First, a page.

Spark CEO Marrazzo: Philadelphia will shine at BIO 2019
By Jeff Marrazzo – Guest Columnist
Philadelphia Business Journal
Thousands of biotech leaders, researchers and entrepreneurs are in Philadelphia this week at the BIO International Convention. While there will be a myriad of discussions about the latest industry developments and breakthroughs, one of the more compelling stories will be the rise of Philadelphia as the hotbed for gene and cell therapy innovation and the potential for the city to capitalize on this moment to sustain its position as the leader in genetic medicine — the future of healthcare.
Philadelphia has been working toward this moment for decades. Home to more than 85 hospitals and clinics with 20 percent of the city’s workforce employed in the health care sector, it’s been estimated that one out of every six U.S. doctors has received medical training here. The city also ranked third in terms of U.S. cities receiving NIH grant funding in 2017.
It should therefore be no surprise that the first FDA-approved CAR-T cell therapy for cancer and first FDA-approved gene therapy for a genetic disease were born out of research conducted in Philadelphia. These innovations have sparked a renewed interest in this promising area of medicine, with former Food and Drug Administration (FDA) Commissioner Scott Gottlieb projecting last year that the FDA will approve 40 gene therapies by 2022.
Today, we have esteemed institutions like Children’s Hospital of Philadelphia (CHOP) and UPenn making investments of both money and talent in local companies to commercialize research, pharmaceutical giants like Novartis supporting research facilities in the city, and more health care startups sprouting up than ever before. The tipping point has come. The question now is: how can Philadelphia maximize this moment? I urge three priorities:
Double down on a world-class strength – gene and cell therapy. Silicon Valley’s reputation was in part built on disruptive information technologies, while Cambridge focused on biologics research. Philadelphia is uniquely positioned to deliver innovations from its countless academic labs and more than 30 companies dedicated to gene and cell therapy research. By nurturing and focusing our growth and investments in gene and cell therapy, an area of health care research and development expected to fuel the next generation of medicine, Philadelphia is primed to stay on top.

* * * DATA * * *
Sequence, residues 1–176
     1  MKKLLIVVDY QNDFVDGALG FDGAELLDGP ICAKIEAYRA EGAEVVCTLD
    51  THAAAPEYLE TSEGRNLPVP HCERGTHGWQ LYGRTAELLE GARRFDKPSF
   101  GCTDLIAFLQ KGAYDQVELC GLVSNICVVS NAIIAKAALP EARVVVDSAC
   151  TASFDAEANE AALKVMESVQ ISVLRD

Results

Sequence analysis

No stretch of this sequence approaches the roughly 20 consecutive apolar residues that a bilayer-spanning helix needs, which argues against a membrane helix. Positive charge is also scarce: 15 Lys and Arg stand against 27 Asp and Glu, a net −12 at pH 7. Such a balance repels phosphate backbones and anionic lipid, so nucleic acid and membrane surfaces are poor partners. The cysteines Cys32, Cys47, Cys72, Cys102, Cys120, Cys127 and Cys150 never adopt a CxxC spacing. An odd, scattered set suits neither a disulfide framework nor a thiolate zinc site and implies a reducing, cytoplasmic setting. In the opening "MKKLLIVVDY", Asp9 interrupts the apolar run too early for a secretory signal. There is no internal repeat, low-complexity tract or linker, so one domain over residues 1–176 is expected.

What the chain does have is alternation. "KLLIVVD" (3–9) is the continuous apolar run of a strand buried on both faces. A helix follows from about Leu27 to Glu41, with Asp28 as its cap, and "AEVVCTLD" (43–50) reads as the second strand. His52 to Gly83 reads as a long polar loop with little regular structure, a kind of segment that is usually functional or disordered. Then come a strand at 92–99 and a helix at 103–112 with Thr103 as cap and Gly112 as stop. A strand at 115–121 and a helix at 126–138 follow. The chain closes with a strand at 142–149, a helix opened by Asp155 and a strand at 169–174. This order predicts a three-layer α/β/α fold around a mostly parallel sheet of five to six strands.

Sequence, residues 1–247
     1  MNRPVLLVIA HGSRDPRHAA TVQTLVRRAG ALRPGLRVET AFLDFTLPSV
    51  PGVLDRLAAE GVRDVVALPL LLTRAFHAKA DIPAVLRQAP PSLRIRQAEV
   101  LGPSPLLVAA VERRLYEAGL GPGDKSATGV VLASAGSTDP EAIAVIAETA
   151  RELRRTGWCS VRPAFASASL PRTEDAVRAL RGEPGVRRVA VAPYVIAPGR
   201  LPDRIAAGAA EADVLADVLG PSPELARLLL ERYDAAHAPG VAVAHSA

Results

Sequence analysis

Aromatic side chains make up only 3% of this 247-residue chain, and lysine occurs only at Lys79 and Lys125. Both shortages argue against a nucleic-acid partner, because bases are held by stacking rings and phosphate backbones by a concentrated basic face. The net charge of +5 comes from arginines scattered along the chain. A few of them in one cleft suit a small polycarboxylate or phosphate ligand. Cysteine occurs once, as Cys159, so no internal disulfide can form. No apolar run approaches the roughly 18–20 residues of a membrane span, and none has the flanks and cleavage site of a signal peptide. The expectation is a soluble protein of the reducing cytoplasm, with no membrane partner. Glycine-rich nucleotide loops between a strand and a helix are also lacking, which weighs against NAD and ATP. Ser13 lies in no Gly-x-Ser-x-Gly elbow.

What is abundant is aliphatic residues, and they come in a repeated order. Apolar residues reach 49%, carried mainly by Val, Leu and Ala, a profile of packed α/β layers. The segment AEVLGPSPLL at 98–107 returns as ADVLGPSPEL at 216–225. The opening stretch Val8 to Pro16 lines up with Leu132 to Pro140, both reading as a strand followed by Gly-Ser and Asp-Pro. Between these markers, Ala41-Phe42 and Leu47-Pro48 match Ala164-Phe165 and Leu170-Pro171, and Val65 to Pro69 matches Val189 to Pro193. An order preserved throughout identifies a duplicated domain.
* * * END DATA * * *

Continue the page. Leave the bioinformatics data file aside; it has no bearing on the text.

Build and retain talent. Philadelphia is enjoying a renaissance. In March, the state’s unemployment rate dropped to the lowest on record, and a thriving network of universities, hospitals and biotech companies makes Philadelphia a breeding ground for talent. Philadelphia now outpaces Boston in retaining graduates from local colleges and universities. We have seen an almost 50 percent increase in venture capital funding in the last 18 months in the Greater Philadelphia region. The onus is on us, anchor companies and institutions, to stimulate this growth by ensuring Philadelphia’s biotech job market continues to thrive, serving as a catalyst for economic growth in city neighborhoods.
Importantly, remain vigilant about affordability. Philadelphia remains significantly more affordable than its East and West Coast biotech counterparts. The expansion of biotech has eroded affordability in these other cities, especially when you look at the cost of lab space and cost of living. Currently, Philadelphia has more than 11 million square feet of affordable life sciences space, but space is already getting tighter in certain neighborhoods. We need creativity in spreading biotech growth across the city, even the region, rather than dominating one specific area. We share an obligation to the residents of Philadelphia to responsibly ensure businesses and people can afford to both work and live in the city.
At this week’s BIO Convention, the theme of “It Starts with One” recognizes that scientific breakthroughs often start with one company, one meeting, one idea. The history-making achievements we have seen in Philadelphia speak to the power and potential of those “ones,” but also the importance of all stakeholders working together, as one, to do what is right for patients, families, employees, and the city. Together, the next generation of medicine starts with one Philadelphia.
Jeff Marrazzo is co-founder and CEO of Spark Therapeutics.